Some of the symptoms you can look out for with septic tank problems are subtle while others are fairly obvious. If you’re having a biomat problem, one of the subtle symptoms is that if you have grass or lawn over the area, it will grow greener and taller than other grass in the area. This is because the soil is extra rich from the waste water that is not draining. While the organisms break down the waste in the waste water most quickly and effectively, plants can also take advantage of the waste water and grow greener. While a green lawn is always a good thing, having a drain field problem is not! If your grass is getting tall and green in one specific spot, make sure that you check that spot for puddling.
Puddling is a second most common symptom of septic tank problems. This is when the water no longer has anywhere to drain to. It comes up to the surface because it cannot sink down into the ground due to the impermeable biomat. When you see puddling, it means that you need to take care of the problem quickly. Puddling will only grow and with any heavy rains or prolonged avoidance of the problem it can turn into a serious issue as the waste water is disseminated around the area and the puddles become very deep. Getting your septic tank pumped at this point is the most effective way to get rid of the puddling. If you experience this problem often, looking into aeration systems would be advisable as they will pay for themselves when you factor in the fewer times you will have to have your tank pumped.
Septic tank odors will often accompany puddling. Once the waste water comes up to the surface, you will start to notice the smell of the waste in the water. This smell is very unpleasant, usually, and can also include the smell of your water if it is hard water. These smells are just as important as an indication of problems as puddling. Often, before the puddles actually appear, you will begin to smell the septic tank odors. These odors will only worsen as waste water starts to puddle. Like with puddling, when smelling septic tank odors you should immediately make plans to have your tank pumped so you can eliminate the issue. Also, remember to troubleshoot by pumping 50-60 gallons of water into your tank. If it is a clog, you may solve the problem, and if it is a biomat issue, you will know within an hour or two if the water is not draining at all. This way you know if you need to call about getting your tank pumped, and can consider the possibility of aeration.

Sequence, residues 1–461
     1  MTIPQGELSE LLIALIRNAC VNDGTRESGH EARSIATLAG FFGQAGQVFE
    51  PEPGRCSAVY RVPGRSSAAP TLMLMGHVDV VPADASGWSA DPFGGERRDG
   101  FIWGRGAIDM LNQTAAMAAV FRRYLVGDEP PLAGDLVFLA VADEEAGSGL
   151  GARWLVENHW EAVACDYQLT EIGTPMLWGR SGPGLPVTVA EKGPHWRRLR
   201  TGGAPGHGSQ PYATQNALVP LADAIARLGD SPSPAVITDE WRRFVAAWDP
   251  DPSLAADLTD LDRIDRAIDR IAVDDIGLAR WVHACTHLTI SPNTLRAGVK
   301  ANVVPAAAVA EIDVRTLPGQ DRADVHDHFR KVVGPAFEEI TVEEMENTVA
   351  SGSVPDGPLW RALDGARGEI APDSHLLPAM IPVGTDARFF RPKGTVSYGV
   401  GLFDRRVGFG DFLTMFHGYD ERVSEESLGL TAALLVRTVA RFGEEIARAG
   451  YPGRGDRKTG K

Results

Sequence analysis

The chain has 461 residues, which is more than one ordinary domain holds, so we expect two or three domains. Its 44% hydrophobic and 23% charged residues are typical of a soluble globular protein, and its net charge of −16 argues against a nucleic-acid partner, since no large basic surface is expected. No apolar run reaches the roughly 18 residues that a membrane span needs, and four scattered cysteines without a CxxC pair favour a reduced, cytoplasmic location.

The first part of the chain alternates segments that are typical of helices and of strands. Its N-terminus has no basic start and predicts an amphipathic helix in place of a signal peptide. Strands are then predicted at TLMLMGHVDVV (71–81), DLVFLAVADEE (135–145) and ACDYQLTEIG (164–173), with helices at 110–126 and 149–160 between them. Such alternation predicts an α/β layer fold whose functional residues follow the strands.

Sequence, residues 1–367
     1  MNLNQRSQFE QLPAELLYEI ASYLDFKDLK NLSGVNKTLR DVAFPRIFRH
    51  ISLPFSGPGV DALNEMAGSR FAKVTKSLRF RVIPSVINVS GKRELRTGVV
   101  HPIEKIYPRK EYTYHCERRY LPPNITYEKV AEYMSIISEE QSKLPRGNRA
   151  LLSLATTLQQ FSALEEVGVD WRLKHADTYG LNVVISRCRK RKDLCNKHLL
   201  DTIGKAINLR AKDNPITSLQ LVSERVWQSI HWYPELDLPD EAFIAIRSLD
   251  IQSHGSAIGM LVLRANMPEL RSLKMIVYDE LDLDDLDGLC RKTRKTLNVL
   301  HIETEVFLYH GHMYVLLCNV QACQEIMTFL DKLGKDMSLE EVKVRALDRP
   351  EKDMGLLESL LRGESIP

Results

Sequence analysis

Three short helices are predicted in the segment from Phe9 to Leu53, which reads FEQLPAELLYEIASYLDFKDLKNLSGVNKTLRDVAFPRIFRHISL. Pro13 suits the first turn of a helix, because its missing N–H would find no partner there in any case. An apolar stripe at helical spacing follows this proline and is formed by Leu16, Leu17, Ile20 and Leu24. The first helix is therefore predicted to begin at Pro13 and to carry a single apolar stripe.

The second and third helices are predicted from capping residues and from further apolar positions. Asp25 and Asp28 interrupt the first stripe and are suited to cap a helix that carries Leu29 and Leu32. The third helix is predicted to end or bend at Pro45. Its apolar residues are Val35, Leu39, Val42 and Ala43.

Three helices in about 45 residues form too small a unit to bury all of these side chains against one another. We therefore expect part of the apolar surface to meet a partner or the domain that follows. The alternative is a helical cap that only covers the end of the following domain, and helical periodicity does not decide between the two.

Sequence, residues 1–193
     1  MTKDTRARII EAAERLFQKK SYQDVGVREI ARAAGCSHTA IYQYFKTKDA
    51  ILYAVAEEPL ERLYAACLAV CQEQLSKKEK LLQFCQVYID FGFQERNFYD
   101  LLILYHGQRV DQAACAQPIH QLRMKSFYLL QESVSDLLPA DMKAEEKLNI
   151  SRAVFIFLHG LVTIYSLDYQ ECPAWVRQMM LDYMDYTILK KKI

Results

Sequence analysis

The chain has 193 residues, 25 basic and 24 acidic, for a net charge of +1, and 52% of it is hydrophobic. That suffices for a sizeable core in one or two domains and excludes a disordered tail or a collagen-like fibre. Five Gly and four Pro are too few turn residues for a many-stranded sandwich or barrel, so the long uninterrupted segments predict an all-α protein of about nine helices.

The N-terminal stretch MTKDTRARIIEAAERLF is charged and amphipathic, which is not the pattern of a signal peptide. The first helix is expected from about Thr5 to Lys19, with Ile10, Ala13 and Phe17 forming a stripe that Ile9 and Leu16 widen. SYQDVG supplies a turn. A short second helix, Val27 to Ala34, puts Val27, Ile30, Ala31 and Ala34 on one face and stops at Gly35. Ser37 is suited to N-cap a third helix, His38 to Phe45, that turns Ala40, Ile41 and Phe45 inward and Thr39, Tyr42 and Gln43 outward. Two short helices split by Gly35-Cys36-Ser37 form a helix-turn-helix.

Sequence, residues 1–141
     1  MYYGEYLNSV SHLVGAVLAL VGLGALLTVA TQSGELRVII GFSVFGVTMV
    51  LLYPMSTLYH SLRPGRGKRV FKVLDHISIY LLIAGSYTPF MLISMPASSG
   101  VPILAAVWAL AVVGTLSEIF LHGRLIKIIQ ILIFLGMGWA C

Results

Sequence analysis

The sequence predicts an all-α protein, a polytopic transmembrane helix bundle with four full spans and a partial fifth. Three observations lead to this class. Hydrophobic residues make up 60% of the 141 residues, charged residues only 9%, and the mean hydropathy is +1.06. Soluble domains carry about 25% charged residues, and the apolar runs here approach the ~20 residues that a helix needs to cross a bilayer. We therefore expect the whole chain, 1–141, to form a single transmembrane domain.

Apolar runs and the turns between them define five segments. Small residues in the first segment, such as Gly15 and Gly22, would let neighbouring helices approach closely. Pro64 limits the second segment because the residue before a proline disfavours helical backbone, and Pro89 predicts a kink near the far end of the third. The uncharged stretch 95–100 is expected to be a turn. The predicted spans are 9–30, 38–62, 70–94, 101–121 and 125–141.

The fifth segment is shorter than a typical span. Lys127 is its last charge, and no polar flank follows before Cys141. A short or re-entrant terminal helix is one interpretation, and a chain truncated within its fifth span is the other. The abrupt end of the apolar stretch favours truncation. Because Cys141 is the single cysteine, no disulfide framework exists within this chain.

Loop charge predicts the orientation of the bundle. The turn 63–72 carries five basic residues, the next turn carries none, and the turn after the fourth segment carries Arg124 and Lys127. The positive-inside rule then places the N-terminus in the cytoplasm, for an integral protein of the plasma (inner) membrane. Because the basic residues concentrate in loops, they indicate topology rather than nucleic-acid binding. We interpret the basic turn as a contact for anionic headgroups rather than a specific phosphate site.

Septic tank problems come in many shapes and sizes, but knowing the most common ones and the common symptoms can help you decide what is the best course of action.
Septic tank problems are not uncommon when you think about it. After all, septic tanks, like garbage disposals, do fill to the brim and need to be cleaned out. Since septic problems are all too common with septic tanks, the following article can help you deal with common septic tank troubles in an inexpensive way.